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Random Clojure Functionλ︎

Clojure function names word cloud

A simple application that returns a random function from the clojure.core namespace, along with the function argument list and its description (from the doc-string)

There are 659 functions in clojure.core namespace and 955 in the standard library (as of June 2020). These functions are learned over time as experience is gained with Clojure.

Project: Random Clojure function

practicalli/random-clojure-function repository contains a Clojure project with an example solution

Live Coding Video walk-throughλ︎

A Live coding video walk-through of this project shows how this application was developed, using Spacemacs editor and CircleCI for continuous integration.

-M flag superseeds -A flag

The -M flag replaced the -A flag when running code via clojure.main, e.g. when an alias contains :main-opts. The -A flag should be used only for the specific case of including an alias when starting the Clojure CLI built-in REPL.

Create a projectλ︎

Use the :project/create Practicalli Clojure CLI Config to create a new Clojure project.

clojure -T:project/create :template app :name practicalli/random-function

This project has a deps.edn file that includes the aliases

  • :test - includes the test/ directory in the class path so unit test code is found
  • :runner to run the Cognitect Labs test runner which will find and run all unit tests

REPL experimentsλ︎

Open the project in a Clojure-aware editor or start a Rebel terminal UI REPL

Open the src/practicalli/random-function.clj file in a Clojure aware editor and start a REPL process (jack-in)

Optionally create a rich comment form that will contain the expressions as the design of the code evolves, moving completed functions out of the comment forms so they can be run by evaluating the whole namespace.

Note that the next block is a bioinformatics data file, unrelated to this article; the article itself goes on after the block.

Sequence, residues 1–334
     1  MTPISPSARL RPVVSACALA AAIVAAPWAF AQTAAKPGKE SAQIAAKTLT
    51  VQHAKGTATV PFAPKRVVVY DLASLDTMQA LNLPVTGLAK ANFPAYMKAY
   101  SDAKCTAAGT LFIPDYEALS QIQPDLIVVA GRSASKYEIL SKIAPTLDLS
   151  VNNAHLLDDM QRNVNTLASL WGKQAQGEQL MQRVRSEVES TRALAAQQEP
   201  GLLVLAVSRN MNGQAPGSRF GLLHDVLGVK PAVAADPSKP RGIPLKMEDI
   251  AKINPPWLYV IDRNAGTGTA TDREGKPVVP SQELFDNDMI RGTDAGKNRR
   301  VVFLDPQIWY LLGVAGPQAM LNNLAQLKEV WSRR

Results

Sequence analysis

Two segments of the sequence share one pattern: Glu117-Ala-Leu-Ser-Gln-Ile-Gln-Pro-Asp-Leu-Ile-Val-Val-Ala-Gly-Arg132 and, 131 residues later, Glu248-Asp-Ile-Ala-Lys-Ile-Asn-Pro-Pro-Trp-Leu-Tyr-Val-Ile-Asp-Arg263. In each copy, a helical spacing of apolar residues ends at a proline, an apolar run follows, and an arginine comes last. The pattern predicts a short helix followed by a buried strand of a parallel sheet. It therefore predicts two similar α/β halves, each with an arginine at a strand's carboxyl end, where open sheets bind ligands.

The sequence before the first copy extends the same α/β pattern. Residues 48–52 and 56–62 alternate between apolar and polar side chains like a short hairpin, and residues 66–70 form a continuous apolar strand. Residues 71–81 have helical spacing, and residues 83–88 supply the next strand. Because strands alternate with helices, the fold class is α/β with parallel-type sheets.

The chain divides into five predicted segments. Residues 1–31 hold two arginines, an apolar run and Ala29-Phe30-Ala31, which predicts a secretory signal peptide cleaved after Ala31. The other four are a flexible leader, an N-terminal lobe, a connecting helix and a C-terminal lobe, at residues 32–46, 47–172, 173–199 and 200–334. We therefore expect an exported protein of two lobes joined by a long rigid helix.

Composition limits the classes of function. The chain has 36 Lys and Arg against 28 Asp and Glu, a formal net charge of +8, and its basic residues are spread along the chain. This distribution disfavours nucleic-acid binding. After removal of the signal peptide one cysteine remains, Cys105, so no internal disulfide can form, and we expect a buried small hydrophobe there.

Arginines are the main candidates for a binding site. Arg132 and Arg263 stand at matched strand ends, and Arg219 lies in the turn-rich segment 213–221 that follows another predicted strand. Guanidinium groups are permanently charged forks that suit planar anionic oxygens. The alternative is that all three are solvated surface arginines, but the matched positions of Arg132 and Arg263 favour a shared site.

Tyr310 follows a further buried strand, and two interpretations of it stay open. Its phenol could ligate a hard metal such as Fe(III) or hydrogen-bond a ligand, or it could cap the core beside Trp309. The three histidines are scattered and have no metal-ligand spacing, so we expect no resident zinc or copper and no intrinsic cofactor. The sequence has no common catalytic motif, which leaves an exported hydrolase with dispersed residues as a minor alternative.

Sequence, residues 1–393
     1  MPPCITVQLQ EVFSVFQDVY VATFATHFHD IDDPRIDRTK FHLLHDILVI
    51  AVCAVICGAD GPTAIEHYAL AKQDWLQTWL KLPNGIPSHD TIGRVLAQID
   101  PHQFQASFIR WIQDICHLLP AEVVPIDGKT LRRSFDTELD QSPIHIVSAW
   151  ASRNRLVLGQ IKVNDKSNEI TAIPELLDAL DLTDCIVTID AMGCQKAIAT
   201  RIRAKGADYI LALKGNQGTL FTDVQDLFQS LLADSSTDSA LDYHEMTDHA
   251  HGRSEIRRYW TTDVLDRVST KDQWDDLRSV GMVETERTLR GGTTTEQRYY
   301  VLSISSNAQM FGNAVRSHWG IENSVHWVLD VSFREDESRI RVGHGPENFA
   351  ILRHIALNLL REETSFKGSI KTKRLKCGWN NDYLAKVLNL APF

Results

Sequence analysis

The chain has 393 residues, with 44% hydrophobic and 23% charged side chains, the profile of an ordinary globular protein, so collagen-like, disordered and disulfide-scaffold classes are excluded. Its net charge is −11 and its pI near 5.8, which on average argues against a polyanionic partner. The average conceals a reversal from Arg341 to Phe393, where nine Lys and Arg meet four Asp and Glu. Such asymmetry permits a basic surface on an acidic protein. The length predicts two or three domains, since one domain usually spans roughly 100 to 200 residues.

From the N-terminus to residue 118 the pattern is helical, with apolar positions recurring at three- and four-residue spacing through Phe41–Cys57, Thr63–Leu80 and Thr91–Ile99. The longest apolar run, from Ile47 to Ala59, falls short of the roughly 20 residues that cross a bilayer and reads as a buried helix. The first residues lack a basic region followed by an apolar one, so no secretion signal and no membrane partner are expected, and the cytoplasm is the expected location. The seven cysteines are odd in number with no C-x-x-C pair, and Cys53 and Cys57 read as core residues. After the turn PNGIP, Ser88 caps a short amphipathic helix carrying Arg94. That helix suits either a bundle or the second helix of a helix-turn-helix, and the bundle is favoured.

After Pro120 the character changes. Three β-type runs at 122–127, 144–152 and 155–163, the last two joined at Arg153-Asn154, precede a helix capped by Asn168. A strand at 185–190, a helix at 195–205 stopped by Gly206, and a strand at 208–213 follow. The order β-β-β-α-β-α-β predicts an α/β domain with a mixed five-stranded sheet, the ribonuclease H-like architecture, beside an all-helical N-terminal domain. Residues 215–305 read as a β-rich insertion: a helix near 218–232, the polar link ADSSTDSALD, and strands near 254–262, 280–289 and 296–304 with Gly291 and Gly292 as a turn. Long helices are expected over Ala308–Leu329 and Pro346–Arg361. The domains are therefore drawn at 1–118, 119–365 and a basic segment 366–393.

(ns practicalli.random-function)

  ;; add experimental code here

Open a terminal and change to the root of the Clojure project created, i.e. the directory that contains the deps.edn file.

Start a REPL that provides a rich terminal UI

clojure -M:repl/reloaded
require will make a namespace available from within the REPL
(require '[practicalli.random-function])
Change into the random-function namespace to define functions
(in-ns 'practicalli.random-function')
Reload changes made to the src/practicalli/random_function.clj file using the require function with the :reload option. :reload forces the loading of all the definitions in the namespace file, overriding any functions of the same name in the REPL.
(require '[practicalli.random-function] :reload)

Copy finished code into the source code files

Assuming the code should be kept after the REPL is closed, save the finished versions of function definitions into the source code files. Use Up and Down keys at the REPL prompt to navigate the history of expressions

List all the public functions in the clojure.core namespace using the ns-publics function

(ns-publics 'clojure.core)

The hash-map keys are function symbols and the values are the function vars

{+' #'clojure.core/+',
 decimal? #'clojure.core/decimal?,
 sort-by #'clojure.core/sort-by,
 macroexpand #'clojure.core/macroexpand

The meta function will return a hash-map of details about a function, when given a function var.

(meta #'map)

The hash-map has several useful pieces of information for the application, including :name, :doc, and :arglists

;; => {:added "1.0",
;;     :ns #namespace[clojure.core],
;;     :name map,
;;     :file "clojure/core.clj",
;;     :static true,
;;     :column 1,
;;     :line 2727,
;;     :arglists ([f] [f coll] [f c1 c2] [f c1 c2 c3] [f c1 c2 c3 & colls]),
;;     :doc
;;     "Returns a lazy sequence consisting of the result of applying f to\n  the set of first items of each coll, followed by applying f to the\n  set of second items in each coll, until any one of the colls is\n  exhausted.  Any remaining items in other colls are ignored. Function\n  f should accept number-of-colls arguments. Returns a transducer when\n  no collection is provided."}

To use the meta function, the values from the ns-publics results should be used.

(vals (ns-publics 'clojure.core))